13. 13. Censorship in the Media todayACLU, media to argue against censorship in 9/11 mastermind trialThe military judge in the trial of alleged 9/11 masterminds has agreed to hold a hearing in which the ACLU and a consortiumof media groups would be allowed to argue their case against government censorship in the high-profile case.-Judge James L. Pohl, President of the Guantanamo military commission, issued an order Wednesday allowing theAmerican Civil Liberties Union (ACLU) and 14 media groups, which call themselves “the Press Objectors,” to present theirarguments on August 22.“As neither side objects to counsel for the ACLU and Press Objectors to present oral arguments on the motion, the request fororal argument is GRANTED,” the order, posted on the military commission’s website, reads.In May, a consortium of 14 media groups, including the Associated Press, Reuters, The New York Times and The MiamiHerald, and the ACLU separately filed motions protesting regulations under which there is a 40-second delay of thebroadcast of the trial. The time is sufficient for military officials to muffle the defendants’ speech if they start to describethe torture they are alleged to have been subjected to by CIA operatives.The ACLU called said the practice was based on a “chillingly Orwellian claim” that the accused “must be gagged lest hereveal his knowledge of what the government did to him.”The media group said the government was trying to shield CIA activities from the public eye.“The First Amendment allows commission proceedings to be closed only upon a specific finding of a substantial probability ofharm to national security or some equally compelling governmental interest,” Lawyer David Schulz wrote in the media’smotion.Khalid Sheikh Mohammed and his four co-defendants stand accused of masterminding the September 11, 2001 attacksagainst the United States. They face eight charges in total, including terrorism and murder in violation of the law ofwar, meaning that a guilty verdict could put them on death row.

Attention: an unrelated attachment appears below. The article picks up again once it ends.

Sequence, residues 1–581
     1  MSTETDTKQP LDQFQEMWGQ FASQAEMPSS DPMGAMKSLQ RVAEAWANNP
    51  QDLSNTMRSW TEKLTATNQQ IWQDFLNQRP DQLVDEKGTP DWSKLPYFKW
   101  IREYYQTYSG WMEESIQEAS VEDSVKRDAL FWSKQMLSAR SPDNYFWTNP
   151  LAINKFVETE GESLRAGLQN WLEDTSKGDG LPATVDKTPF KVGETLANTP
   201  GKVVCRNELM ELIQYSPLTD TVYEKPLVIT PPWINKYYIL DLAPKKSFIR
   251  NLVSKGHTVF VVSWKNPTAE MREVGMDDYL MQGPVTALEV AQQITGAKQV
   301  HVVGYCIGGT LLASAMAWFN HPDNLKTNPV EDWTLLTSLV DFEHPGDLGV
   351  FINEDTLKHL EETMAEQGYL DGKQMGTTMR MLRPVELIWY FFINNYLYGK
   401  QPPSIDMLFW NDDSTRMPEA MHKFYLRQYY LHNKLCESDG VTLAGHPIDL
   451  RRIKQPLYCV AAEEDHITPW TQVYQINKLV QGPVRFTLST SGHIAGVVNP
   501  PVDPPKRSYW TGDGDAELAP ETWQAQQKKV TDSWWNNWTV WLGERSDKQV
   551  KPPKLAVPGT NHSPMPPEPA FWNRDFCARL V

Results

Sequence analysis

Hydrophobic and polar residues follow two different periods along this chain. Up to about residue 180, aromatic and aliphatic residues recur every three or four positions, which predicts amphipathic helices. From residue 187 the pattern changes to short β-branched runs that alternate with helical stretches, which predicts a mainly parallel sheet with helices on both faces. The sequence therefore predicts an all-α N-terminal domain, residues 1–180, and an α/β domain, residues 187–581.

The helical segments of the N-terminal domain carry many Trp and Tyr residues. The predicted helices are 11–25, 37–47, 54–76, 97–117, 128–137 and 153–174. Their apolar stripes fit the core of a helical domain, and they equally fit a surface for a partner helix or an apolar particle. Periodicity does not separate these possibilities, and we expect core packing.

14. 14. Continuation of Previous SlideThe five men were captured by US and Pakistani intelligence services in 2003, and were held captive at CIA black sitesoutside America until 2006, when they were transferred to Guantanamo. Mohammed confessed to plotting the 9/11attacks “from A to Z,” but even US officials later admitted the prisoners were subject to “enhanced forms of torture.”Mohammed was subject to waterboarding at least 183 times, the officials say.Originally, they were to be tried by a Guantanamo military commission, but the Supreme Court ruled against holdingproceedings there. In 2009, newly-inaugurated President Barack Obama asked for the trial to be held in a New York federalcourt. However, under the National Defence Authorization Act (NDAA), signed by Obama in January 2011, the US DefenseDepartment was barred from using its funds to house Gitmo prisoners in the United States. The provision meant that thevenue of the trial had to be moved back to Guantanamo.Defendants refused to enter pleas during their May arraignment. The trials actual proceedings are scheduled to begin nextyear.